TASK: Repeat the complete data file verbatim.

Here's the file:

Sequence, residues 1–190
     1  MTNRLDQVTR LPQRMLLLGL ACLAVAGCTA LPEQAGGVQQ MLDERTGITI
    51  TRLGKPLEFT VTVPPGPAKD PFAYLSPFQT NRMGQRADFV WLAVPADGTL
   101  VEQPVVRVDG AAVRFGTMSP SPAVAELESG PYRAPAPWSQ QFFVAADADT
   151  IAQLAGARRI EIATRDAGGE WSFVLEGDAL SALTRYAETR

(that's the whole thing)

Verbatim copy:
Sequence, residues 1–190
     1  MTNRLDQVTR LPQRMLLLGL ACLAVAGCTA LPEQAGGVQQ MLDERTGITI
    51  TRLGKPLEFT VTVPPGPAKD PFAYLSPFQT NRMGQRADFV WLAVPADGTL
   101  VEQPVVRVDG AAVRFGTMSP SPAVAELESG PYRAPAPWSQ QFFVAADADT
   151  IAQLAGARRI EIATRDAGGE WSFVLEGDAL SALTRYAETR